Paul also turns the pain of childbirth into a metaphor for the church –

My dear children, for whom I am again in the pains of childbirth until Christ is formed in you. Gal. 4:19

ANCIENT INTERPRETERS OF GEN 3:16 had a different slant –

The Targum of Jonathan Ben Uzziel (Rabbi and disciple of Hillel)

“And to your husband shall  be your desire, and he will have rule over you unto righteousness or unto sin.” 

This interpretation is interesting as it recognises that it can be a bad thing for a husband to rule over his wife – they can lead them to sin.


Eve and snake

          Eve had been deceived by the serpent and turned to her husband instead of turning to God – that was her fatal mistake.

In contrast to this  Mary (Jesus’ mother) got it right, her desire was for God even when she was engaged to Joseph. She said “I am the handmaid of the Lord”– it was God that Mary turned to.

Women have a choice – to be ruled  by desire for a husband or desire for God. In fact, Paul said it’s better not to marry because such a partnership can make us put God in second place.

The so-called curse on Eve was a description of how her life would turn out, not a prescription of how it must turn out.  God was saying what would happen, not what had to happen.


The Greek word in the Septuagint for ‘rule over’ in Gen. 3:16 is used by Jesus to show that we are not to dominate or rule over one another –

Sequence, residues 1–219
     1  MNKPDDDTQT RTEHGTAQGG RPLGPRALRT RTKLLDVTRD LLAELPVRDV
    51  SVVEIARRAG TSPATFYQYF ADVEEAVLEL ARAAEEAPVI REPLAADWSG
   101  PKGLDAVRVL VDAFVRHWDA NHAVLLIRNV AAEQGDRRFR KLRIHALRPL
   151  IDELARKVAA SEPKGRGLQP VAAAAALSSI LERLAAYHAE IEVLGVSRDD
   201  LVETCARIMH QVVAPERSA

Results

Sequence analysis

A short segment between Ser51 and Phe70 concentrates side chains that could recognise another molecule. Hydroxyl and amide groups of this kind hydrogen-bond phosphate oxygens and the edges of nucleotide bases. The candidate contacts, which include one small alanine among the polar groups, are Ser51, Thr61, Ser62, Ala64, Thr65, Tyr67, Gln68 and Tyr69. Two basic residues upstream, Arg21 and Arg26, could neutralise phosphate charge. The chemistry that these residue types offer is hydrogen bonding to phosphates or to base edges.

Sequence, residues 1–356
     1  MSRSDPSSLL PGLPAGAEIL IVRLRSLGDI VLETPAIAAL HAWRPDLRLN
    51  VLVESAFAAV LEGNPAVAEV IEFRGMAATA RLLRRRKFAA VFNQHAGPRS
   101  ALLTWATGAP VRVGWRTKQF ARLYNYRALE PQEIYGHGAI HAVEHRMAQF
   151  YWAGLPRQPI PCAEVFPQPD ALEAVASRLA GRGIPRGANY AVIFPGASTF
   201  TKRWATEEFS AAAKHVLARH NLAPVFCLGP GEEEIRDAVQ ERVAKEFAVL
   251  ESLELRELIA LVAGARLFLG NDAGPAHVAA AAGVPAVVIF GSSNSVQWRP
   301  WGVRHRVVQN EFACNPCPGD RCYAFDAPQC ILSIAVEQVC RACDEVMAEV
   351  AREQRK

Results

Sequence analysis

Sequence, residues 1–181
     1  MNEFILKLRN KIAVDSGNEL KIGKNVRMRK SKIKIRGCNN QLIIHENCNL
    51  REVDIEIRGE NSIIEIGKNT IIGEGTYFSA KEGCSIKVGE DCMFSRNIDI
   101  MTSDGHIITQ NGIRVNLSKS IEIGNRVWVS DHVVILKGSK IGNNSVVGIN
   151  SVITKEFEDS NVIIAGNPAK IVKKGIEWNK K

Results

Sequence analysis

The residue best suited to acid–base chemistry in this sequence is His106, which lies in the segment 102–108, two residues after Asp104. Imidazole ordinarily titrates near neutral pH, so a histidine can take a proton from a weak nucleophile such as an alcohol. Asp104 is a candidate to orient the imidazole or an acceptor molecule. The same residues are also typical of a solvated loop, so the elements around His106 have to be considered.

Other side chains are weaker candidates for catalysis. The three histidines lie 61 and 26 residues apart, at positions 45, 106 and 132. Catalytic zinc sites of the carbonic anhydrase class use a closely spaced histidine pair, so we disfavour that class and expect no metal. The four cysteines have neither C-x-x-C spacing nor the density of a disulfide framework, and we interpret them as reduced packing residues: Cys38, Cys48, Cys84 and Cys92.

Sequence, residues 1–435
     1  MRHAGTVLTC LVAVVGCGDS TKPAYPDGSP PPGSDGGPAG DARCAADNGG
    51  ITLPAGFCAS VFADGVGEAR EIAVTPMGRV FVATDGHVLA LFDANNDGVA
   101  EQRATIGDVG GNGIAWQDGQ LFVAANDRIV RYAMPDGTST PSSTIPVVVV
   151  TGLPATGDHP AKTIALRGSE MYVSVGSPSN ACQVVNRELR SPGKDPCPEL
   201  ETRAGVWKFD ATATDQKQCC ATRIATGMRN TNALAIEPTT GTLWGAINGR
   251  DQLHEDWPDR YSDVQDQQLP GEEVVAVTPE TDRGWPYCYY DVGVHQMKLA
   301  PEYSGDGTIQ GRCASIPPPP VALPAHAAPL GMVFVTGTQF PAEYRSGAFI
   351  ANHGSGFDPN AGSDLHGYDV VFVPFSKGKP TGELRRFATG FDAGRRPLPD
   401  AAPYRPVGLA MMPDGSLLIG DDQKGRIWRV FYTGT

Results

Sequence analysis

‘The kings of the Gentiles lord it over them; and they that have power over them, are called beneficent.  But you not so: but he that is the greater among you, let him become as the younger; and he that is the leader, as he that serves.’  Luke 22:25-6

Why would Paul endorse a command that contradicts the teachings of Jesus ?

How could there be a command for men to rule over silent women when Deborah the prophetess judged Israel for 40 years and Huldah delivered the word of God to the High Priest?

Hilkiah (the High Priest) and those the king had sent with him went to speak to Huldah the prophetess…Huldah said to them, “This is what the LORD, the God of Israel, says: 2 Chron. 34:22


Genesis 3 is not a prescription for husbands to rule over their wives as a  type of hierarchy. It is Christ who should have rule over a woman, and indeed over a man. It is the second Adam (Jesus) and the second Eve (the church/bride) who understand the perfect bond of unity.  Women should not turn to their husband to replace Jesus as their head, nor fall into Eve’s mistake of turning to Adam instead of God.

Nor is it men who can be trusted for  perfect advice. They can lead women astray as Ananias led Saphira astray, as David tried to lead Abigail astray. They could be a fool like Nabal, or even frustratingly slow to catch on to equality like Peter concerning the gentiles. Jesus is the one to follow –

‘Do not call anyone on earth your father, for you have one Father, who is in heaven. Nor are you to be called instructors, for you have one Instructor, the Christ. The greatest among you shall be your servant.’ Matt. 23:9-11

There is no justification for imposing a meaning on Genesis 3:16 that was never intended, and that contradicts the teachings of Christ – there’s a much more logical explanation    – See: Context of Writings Silencing Women

Woman Made for God’s Glory Not Man’s

About alsowritten

Another voice in the wilderness
This entry was posted in Curses of Genesis 3, Genesis 3:16, Silencing of Women, Women -What are the rules ? and tagged , , . Bookmark the permalink.

7 Responses to The CURSES of Genesis 3

  1. shjoiner says: